Somali pirates have freed a Japanese-operated bulk carrier with 21 Filipino crewmen they seized in October, a Philippine official said yesterday, the third ship to be released in a week.
Philippine Foreign Affairs spokesman Bayani Mangibin confirmed that the African Sanderling and its all-Filipino crew were released Sunday.
He gave no other details, and it was not clear if a ransom was paid, as is usually the case.
The Panamanian-flagged and South Korean-owned ship was seized while en route to Asia from the Middle East.
The latest release brought to 33 the number of Filipino sailors still held by pirates, according to government data.
The Philippines supplies about a third of the world’s sailors working today.
Pirates last year attacked 111 ships and seized 42 off the Horn of Africa.
An international flotilla including US warships has stopped many attacks, but the area is too vast to keep all ships safe.
Their biggest prize yet, a Saudi oil tanker, was released last week. Five of the dozens of pirates who had hijacked the tanker drowned Friday when their small boat capsized as they returned to shore in rough weather.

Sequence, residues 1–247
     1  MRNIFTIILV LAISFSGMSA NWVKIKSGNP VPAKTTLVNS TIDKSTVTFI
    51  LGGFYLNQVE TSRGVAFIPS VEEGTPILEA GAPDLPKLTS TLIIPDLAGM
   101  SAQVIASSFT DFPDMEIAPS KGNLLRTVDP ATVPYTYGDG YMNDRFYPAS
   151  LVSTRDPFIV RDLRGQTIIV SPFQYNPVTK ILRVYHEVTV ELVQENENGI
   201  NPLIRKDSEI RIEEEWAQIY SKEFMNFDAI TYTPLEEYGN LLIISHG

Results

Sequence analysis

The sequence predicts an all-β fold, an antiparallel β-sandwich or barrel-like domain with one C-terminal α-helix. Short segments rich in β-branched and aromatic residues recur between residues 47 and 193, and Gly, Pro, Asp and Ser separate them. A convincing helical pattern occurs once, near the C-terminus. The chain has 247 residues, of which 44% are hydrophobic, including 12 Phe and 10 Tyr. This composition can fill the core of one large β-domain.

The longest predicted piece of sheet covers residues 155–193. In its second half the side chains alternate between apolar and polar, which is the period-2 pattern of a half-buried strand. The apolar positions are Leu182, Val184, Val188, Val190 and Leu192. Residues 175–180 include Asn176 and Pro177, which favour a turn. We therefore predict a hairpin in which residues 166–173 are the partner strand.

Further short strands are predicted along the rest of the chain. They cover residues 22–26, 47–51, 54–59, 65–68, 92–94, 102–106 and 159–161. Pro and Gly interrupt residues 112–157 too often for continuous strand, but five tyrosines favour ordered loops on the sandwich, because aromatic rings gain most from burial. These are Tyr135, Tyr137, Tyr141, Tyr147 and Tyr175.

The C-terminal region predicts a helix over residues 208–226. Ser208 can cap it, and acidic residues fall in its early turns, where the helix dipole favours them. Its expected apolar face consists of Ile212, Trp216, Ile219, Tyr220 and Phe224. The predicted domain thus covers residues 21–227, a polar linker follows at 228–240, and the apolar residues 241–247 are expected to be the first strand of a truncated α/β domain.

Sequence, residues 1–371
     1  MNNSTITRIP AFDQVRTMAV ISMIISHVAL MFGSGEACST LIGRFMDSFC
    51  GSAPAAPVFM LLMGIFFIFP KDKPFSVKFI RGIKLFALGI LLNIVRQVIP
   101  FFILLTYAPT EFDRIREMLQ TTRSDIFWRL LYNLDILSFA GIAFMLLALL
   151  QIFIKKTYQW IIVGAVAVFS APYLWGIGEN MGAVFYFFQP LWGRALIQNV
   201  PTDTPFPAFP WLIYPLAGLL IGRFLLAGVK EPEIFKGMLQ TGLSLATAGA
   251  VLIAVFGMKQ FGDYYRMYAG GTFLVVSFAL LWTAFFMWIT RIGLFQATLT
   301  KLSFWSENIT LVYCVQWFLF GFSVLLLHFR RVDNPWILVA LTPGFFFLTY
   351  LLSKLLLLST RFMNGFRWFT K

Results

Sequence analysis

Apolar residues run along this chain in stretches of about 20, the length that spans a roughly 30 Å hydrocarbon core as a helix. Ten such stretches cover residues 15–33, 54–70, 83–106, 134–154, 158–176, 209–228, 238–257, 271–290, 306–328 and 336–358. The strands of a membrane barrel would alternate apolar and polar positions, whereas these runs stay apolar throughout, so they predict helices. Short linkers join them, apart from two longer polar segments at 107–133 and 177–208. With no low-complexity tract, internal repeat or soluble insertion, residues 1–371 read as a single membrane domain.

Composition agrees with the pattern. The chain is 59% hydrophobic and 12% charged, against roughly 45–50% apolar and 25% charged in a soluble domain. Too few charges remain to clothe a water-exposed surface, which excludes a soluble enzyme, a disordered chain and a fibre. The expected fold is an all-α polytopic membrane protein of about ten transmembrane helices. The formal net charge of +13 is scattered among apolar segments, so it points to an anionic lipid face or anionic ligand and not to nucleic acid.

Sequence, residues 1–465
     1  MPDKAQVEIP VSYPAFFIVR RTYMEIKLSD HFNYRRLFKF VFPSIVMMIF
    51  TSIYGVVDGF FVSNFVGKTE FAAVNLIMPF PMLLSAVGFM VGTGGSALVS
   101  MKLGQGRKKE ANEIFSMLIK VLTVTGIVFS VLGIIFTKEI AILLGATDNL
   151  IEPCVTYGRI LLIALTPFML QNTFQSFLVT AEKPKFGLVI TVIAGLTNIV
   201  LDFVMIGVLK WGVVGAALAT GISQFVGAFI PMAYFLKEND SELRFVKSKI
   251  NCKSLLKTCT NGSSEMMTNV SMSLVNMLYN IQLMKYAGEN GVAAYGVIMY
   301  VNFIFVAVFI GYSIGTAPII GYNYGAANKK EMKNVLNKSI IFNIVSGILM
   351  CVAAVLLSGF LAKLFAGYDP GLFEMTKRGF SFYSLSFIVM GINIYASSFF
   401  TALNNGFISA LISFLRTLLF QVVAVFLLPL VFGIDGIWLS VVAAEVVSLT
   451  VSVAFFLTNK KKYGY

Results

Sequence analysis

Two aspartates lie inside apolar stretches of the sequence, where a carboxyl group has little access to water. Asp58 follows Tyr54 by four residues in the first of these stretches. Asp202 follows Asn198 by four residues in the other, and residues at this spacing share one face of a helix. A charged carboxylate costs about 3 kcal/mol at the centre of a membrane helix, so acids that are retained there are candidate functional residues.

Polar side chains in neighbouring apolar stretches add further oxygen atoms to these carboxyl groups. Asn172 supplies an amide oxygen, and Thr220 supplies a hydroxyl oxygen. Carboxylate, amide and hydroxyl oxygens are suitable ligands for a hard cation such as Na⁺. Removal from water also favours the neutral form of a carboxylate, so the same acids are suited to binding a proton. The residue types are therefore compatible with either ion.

The US Navy released photos of a parachute dropping a package onto the deck of the Sirius Star, and said the package was likely to be the ransom delivery.
The tanker had a crew of 25, 19 of them were Filipinos.
Another ship, the Iranian-chartered MV Delight, also was released Friday with a crew of 25, including seven Filipinos, Iranian television reported last week.
The Sirius Star had been held near the Ukrainian cargo ship MV Faina, which was loaded with 33 Soviet-designed battle tanks and crates of small arms.
Somalia has not had a functioning government since 1991 and its lawless coastline is a perfect haven for pirates.
The multimillion dollar ransoms are one of the only ways to make money in the impoverished Horn of Africa nation.